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Added capacity, rising imports worry OCTG mart

Keywords: Tags  OCTG, pipe and tube, Borusan Mannesmann, Benteler Steel, USA Investment Group, AMM conference, drill rigs, oil gas


NEW YORK — Looming overcapacity, the timing of a possible trade complaint against South Korea and a comparatively low rig count are on the minds of oil country tubular goods (OCTG) market participants in the run-up to AMM’s sixth annual Steel Tube and Pipe Conference in Houston.

Sources estimate that between 2 million and 3 million tons of annual welded and seamless OCTG capacity is set to be added to the market in the coming years, with a host of companies—including Turkish producer Borusan Mannesmann (amm.com, Jan. 4), Germany’s Benteler Steel/Tube GmbH (amm.com, Nov. 7) and investment firm USA Investment Group LLC (amm.com, Jan. 22)—recently announcing new U.S. projects.

Even with robust demand expected from the development of U.S. shale plays, sources wonder whether the domestic market will be able to soak up the extra capacity.

"Unless we completely drop imports I don’t think domestic (demand) can handle that," a source at a Mid-Atlantic distributor said.

"I’m shaking my head. My customers shake their heads," one trader said of the planned expansions.

The expected growth here and slack demand elsewhere is driving the investments, sources said.

"The U.S. has more than half the rigs worldwide. It’s clearly the single-largest market," a second trader said.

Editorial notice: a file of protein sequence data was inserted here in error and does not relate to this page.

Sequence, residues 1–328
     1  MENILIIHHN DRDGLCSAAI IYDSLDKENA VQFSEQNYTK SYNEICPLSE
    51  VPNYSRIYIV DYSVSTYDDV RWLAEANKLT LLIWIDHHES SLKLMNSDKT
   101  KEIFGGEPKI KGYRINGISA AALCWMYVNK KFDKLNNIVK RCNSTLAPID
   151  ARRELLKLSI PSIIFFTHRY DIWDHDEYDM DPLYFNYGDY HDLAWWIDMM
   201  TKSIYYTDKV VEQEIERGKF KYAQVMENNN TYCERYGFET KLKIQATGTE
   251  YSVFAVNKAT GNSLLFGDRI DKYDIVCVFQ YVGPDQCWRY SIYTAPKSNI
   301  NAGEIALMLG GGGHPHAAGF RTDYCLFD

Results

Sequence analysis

However, exploration has shifted recently from natural gas to oil due to plummeting gas prices, leading to a lull in drill rig counts.

"The rig count is coming down right now. I still maintain that’s temporary," the second trader said, adding that eventually oil exploration will make up for the cutback in natural gas. "At (current price levels for oil), everybody can make a lot of money."

The most recent figures from Houston-based oilfield services firm Baker Hughes Inc. show a slight rise in operating drill rigs, although they’re still well below levels seen at the same time last year (amm.com, Jan. 28).

Imports would certainly need to be cut back for the added capacity to find a home, sources say, and there has been talk that a trade case against Korean producers of welded OCTG, the biggest foreign suppliers of the product to the U.S. market, is imminent (amm.com, Jan. 16).

OCTG imports totaled about 3.65 million tons last year, according to data from the Commerce Department’s Import Administration, with Korea the biggest player.

"The dumping case will give relief," the first trader said.

But a third trader warned that talk of a trade case has been ongoing. "I think it’s part of domestic mills’ game to build some uncertainties into the marketplace," he said.


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